Ramadan, also known as Ramazan, is one of the most special months of the Islamic year when Muslims pray, fast and help those in need. Learning and being a part of different cultures and beliefs from an early age is incredibly important. The introduction of new people, traditions and cultures allows children to learn about diversity and being a part of a celebration observed by other groups.
Here are a few ideas on how to teach, engage, help understand and be a part of the Ramadan celebration:
Children’s books are a powerful resource to help your child develop an understanding of Ramadan:
- “Ramadan (Celebrate the World)” By Hannah Eliot and Illustrations by Rashin Kheiriyeh
- “Lailah’s Lunchbox” by Reem Faruqi and Illustrations by Lea Lyon
- “R Is for Ramadan” by Greg Paprocki Author and Illustrator
- “It’s Ramadan and Eid al-Fitr!” by Richard Sebra
- “The Gift of Ramadan” by Rabiah York Lumbard and Illustrations by Laura K. Horton
While children’s books open their eyes to a different world, real-world experiences have the most profound influence on what children think and believe. Doing a more hands-on activity can get your child more engaged. Here are a few ways to get involved:
- Storytime: Attending or hosting a storytime that talks about the celebration can help your child get more involved in the celebration.
- If you and your children have the opportunity to celebrate Ramadan with a family who practices it, accept the invitation.
- Attend Chand Raat Mela, which translates to ‘Night of the Moon’ is an event that celebrates the auspicious time of Ramadan. You and your family can enjoy delicious food, shopping and much more.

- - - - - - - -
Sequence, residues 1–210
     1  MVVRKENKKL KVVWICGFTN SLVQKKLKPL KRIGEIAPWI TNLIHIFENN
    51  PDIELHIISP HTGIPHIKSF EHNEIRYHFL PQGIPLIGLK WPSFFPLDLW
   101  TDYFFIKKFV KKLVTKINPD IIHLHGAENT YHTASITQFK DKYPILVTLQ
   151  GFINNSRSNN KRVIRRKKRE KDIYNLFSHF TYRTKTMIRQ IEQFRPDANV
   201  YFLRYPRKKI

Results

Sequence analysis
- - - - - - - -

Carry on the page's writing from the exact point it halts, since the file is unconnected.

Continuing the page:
Children spend a lot of time watching cartoons and many educational cartoons help children retain important lessons and information. So let their favorite cartoon characters teach them about Ramadan!
- “Peg + Cat”: Eid-Al-Adha Adventure
- “Jalebi Street”: Eid Mubarak – Eid Celebration & Facts for Kids
- “Mark the Shark”: Ramadan Song for Kids
Be a Role Model
No activity is as potent as the role model of a child’s parent because children learn from adults. A child becomes culturally sensitive and respectful when they see their parents and family being responsive and respectful of other cultures. Learning cultures is one of the best ways to help children empathize with the people around them. Children who learn about other cultures understand that people’s opinions, beliefs and actions may differ from them—but that differences should be embraced rather than being a source of conflict. Children who can empathize with others are more likely to make friends and built conflict-resolution skills that are necessary both in childhood and in adulthood.
One of the greatest gifts you can give your child is the ability to better connect with others and with the world as a whole. This greater connection with the world will help your children make more friends, make better interpersonal connections, and, as they grow up, have a strong grasp of what it means to be an individual in our multicultural society.